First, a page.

Saturday, November 16, 2013

Fireams deer season is already memorable

This is the first firearms season opener I've missed. Some of them have given me the chance to hunt but most of the others involve meeting hunters, conducting interviews and taking pictures.
This year I spent most of the day and a good part of the evening in the cath lab at St. Joseph Mercy Hospital in Pontiac.
In a way I was to blame for being there. Even since I had a stent placed ten years ago, I've been up front and very honest with my cardiologist Randall Reher, M.D.
While we were visiting in Germany and walking around some of he little rounds I noticed I was getting dizzy, my heart was pounding and I was breathing deep. A check with a doctor over there revealed nothing.
Back home I made an appoint with Reher. He began scheduling all sorts of tests; chest x-ray, stress test, echo cardiogram, and keg. These all came bak within normal limits.
The next step was a walking treadmill test. I'll pause here and tell you I dread this test. I used to run long distance-usually 6-8-10 miles daily-but since both knees have been replaced running is not an option.
In my running days I would try to burn the rubber off a treadmill thinking I could take it to the very end. I never did but I gave it a good try in theses days.
"We need yo try and duplicate your symptoms on the treadmill," Reher said. Coincidentally, he was present when I had my test.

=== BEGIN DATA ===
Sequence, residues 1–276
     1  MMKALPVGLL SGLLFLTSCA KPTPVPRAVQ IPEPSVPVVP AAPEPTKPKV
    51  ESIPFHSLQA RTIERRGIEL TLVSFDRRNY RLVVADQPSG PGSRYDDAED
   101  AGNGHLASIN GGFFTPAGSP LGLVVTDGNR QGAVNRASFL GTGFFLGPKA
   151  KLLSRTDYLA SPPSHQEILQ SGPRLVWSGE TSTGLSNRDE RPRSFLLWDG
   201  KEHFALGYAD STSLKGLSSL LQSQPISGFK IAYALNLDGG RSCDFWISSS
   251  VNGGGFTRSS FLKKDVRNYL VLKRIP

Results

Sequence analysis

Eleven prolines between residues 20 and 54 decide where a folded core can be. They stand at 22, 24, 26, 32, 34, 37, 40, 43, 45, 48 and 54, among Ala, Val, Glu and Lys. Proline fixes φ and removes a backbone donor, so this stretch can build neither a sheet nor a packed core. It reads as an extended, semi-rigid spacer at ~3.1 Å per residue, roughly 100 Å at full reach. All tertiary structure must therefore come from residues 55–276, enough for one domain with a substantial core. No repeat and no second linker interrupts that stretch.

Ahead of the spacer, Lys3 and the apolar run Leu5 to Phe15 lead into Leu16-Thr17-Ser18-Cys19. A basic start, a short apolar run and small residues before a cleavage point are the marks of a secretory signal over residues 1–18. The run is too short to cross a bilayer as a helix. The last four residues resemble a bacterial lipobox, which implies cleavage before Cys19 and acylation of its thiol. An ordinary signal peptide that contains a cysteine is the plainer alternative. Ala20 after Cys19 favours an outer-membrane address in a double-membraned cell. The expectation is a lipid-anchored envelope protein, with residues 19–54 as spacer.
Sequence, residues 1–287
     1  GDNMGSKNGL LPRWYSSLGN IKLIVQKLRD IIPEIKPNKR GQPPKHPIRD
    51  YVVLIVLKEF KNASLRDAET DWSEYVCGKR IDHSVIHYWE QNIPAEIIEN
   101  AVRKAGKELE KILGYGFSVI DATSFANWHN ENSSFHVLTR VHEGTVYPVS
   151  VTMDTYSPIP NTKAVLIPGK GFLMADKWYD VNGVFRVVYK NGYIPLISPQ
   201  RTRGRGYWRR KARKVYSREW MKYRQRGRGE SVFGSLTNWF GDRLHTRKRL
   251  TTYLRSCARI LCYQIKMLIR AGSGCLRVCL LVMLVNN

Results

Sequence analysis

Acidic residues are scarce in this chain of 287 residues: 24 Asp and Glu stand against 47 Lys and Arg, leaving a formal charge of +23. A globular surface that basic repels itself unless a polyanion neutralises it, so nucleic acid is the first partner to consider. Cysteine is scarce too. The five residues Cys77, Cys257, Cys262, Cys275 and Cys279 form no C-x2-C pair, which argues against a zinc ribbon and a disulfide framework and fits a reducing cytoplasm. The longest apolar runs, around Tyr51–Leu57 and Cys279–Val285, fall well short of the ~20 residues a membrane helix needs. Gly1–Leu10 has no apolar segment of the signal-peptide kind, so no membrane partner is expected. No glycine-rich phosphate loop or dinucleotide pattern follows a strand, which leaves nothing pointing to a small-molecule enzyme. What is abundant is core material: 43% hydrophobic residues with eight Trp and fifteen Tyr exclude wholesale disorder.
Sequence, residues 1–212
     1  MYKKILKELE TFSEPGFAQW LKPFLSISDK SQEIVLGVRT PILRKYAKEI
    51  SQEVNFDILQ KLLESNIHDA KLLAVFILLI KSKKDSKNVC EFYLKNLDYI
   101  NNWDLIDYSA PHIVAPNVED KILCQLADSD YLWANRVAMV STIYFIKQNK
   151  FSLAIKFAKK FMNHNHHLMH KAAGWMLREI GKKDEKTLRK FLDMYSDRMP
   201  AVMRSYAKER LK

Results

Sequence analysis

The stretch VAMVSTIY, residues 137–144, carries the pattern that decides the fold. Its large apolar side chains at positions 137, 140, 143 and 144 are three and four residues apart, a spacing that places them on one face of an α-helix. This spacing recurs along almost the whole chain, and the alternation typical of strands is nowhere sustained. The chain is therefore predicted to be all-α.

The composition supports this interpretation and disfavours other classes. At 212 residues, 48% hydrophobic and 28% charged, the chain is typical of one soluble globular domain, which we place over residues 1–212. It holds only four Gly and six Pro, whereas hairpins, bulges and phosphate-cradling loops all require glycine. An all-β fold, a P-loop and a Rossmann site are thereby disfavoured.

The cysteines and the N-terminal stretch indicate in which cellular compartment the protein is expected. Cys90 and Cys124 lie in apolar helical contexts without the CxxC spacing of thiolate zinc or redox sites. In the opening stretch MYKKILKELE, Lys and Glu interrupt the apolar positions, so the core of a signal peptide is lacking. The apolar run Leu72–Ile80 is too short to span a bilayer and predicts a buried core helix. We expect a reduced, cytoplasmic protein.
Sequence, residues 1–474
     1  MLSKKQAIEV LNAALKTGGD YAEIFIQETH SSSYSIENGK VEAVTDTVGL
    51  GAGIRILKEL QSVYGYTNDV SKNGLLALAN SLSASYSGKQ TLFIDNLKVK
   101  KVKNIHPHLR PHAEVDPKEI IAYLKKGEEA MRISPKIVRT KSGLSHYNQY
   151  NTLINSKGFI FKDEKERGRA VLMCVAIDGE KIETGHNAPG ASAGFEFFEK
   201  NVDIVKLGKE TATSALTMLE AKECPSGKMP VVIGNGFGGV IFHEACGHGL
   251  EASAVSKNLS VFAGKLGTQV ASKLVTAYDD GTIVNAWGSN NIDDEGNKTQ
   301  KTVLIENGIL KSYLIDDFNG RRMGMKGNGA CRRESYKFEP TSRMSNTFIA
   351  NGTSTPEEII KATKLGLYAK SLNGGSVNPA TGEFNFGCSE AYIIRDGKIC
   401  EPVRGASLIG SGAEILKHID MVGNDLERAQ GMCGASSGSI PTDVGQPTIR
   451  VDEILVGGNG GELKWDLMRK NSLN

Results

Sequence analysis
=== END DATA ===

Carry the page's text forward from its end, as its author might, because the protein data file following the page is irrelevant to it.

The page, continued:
"I'm going to order a stress test for you. Despite no indication, my gut tells me there is something wrong. Lets check it out and be sure," he sad.
When I got done I was really breathing hard. Reher felt this was an indication of a possible blockage. A few days later I saw him in his office. "Everything is clear. None of your tests show any blockage," he said.
The next and hopefully final step in the process was an angioplasty. This involves inserting a catheter in your wrist and on into the heart. Or they can go in through the groin.
Once everything is set they inject dye to see if all the vessels, arteries and parts of the heart are carrying it through.
Again, mine checked out ok with the exception that one small area of the heart did not appear as strong as the rest.
I'm on some new medication which should improve that condition and overall make me feel better. Even though things turned out well, I still found myself thinking about the opener, and who was bringing deer into the Holly check station. Most of all I missed talking with wildlife biologist Tom Payne along with Julie Oaks and Jon Curtis. Maybe next year.

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